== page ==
Community Partners Inform Priorities for Immigrant Integration
It is a well-known fact that the Asian American community is the fastest growing immigrant community in the U.S., increasing by 46% nationwide between 2000 and 2010. Much of this growth is happening outside of traditional immigrant gateways, with increasingly larger communities emerging in the Midwest, South, and Southwest, regions that have traditionally struggled with the integration of racially and linguistically diverse communities. This week Advancing Justice released a western regional report, part of the A Community of Contrasts demographic report series. The report highlights the extraordinary growth of Asian American and NHPI communities in the region, with the population growing as much as 95% and 116% in Arizona and Las Vegas respectively.
Advancing Justice | AAJC believes that a healthy democracy requires that all members of society are able to participate in decisions that impact their families and communities. We work to strengthen the roots of Asian American communities by promoting federal policies and practices that promote family unification, integration, and naturalization. As we experience demographic shifts in the coming years that challenge the historical status of a white majority, this work will become even more critical.
To this end, Advancing Justice | AAJC met with nine of our community partners this past week to further shape the scope of our work in immigrant integration. We gathered in Washington, D.C. and met with nationally recognized leaders working in the integration arena to discuss best practices, technical assistance needs and advocacy priorities for immigrant integration.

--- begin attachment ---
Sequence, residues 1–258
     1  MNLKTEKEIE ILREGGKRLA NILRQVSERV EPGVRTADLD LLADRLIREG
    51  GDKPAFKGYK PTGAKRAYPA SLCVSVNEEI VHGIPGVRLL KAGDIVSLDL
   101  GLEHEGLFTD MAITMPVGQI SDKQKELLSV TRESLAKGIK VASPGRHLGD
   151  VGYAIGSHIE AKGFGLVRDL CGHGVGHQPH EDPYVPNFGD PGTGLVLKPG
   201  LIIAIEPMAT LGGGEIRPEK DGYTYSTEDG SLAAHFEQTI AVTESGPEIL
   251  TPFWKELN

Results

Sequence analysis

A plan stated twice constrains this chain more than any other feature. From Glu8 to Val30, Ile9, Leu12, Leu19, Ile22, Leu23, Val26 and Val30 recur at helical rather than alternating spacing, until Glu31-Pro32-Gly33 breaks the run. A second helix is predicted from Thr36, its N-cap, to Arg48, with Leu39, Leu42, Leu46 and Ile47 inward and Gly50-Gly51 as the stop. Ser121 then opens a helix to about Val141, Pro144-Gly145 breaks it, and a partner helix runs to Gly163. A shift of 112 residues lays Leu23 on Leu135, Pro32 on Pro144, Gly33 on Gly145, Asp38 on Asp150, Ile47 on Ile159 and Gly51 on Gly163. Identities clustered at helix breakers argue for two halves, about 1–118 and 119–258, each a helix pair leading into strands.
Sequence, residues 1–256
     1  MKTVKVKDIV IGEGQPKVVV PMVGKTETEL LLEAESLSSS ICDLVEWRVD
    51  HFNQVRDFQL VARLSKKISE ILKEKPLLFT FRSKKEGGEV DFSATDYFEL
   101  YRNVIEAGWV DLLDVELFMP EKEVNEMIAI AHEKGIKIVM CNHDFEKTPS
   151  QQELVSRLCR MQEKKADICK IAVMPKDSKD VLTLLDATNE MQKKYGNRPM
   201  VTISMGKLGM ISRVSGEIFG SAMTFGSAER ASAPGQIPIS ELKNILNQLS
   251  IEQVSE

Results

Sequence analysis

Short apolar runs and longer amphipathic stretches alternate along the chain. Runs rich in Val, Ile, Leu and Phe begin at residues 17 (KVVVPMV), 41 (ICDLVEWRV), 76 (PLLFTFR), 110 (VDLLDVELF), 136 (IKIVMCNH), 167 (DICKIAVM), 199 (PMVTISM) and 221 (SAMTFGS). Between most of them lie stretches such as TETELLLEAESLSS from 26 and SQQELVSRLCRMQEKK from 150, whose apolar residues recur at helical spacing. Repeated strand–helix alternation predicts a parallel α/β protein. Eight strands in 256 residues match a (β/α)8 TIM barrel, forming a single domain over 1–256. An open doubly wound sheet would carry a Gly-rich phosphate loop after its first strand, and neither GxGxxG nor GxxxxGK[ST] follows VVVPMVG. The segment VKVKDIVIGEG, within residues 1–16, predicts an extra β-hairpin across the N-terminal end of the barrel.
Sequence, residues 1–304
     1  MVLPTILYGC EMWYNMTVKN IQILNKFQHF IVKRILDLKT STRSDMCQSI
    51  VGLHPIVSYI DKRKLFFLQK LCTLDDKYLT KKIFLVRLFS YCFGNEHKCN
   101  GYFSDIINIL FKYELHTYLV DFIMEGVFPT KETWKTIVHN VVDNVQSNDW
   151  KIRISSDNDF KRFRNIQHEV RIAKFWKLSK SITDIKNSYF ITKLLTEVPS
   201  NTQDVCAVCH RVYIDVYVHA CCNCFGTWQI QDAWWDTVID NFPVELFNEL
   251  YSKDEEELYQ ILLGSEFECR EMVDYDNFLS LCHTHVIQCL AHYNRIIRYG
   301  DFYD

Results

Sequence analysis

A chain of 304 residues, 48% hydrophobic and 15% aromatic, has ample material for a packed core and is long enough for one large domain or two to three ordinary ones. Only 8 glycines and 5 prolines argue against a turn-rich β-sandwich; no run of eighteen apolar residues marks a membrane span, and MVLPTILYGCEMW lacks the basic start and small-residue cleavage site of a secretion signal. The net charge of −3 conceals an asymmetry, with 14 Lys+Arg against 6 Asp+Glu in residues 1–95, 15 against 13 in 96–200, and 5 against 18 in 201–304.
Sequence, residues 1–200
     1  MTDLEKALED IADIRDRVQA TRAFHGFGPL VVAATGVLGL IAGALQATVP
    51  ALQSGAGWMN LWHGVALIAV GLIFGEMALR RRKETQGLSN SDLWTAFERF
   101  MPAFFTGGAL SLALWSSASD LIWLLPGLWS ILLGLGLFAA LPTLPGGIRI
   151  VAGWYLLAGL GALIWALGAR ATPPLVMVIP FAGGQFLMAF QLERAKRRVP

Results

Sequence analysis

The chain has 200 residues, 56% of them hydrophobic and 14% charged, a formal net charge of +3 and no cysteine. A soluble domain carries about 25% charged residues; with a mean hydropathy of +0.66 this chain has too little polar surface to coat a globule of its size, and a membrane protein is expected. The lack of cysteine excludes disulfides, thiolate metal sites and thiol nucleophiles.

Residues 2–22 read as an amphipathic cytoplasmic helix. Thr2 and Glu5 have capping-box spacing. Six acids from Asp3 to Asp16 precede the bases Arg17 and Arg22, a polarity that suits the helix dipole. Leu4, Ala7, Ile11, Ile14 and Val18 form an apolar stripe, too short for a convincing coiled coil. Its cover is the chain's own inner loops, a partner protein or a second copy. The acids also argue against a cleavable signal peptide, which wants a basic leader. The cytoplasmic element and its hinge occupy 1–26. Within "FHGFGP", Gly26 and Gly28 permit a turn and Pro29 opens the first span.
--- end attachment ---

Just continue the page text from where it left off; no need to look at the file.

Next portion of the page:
The convening also included a meeting with the White House Domestic Policy Council, in which partners shared their work in immigrant integration, discussed unmet challenges and had an opportunity to influence the administration’s priorities. Partners identified several priorities, including increasing leadership development opportunities for grassroots leaders, and creating a national agenda for language access informed by best practices and victories on the local and state level.
We will meet again in December during the National Immigrant Integration Conference, an annual convening of policy experts, business leaders, community leaders, academics and representatives from the philanthropic section who meet to shape immigrant inclusion and integration in America in the years to come. Our community partners will contribute to the conversation with their insights about what works in Asian American communities. Together we will further process what we have learned and decide on priorities for 2016 and beyond.
Thank you to all our partners who joined us this past week: Asian American Federation (NY), Asian American Federation of Florida, Asian Pacific American Network of Oregon, Asian Pacific Community in Action (AZ), Asian Pacific Development Center (CO), Center for Pan Asian Community Services (GA), Chinese Community Center (TX), Ethnic Minorities of Burma Advocacy and Resource Center (IA), and VN Teamwork (TX). We know that national, state and local groups working together make the best and strongest partnerships.
A special thank you to State Farm and Southwest Airlines for sponsoring this event.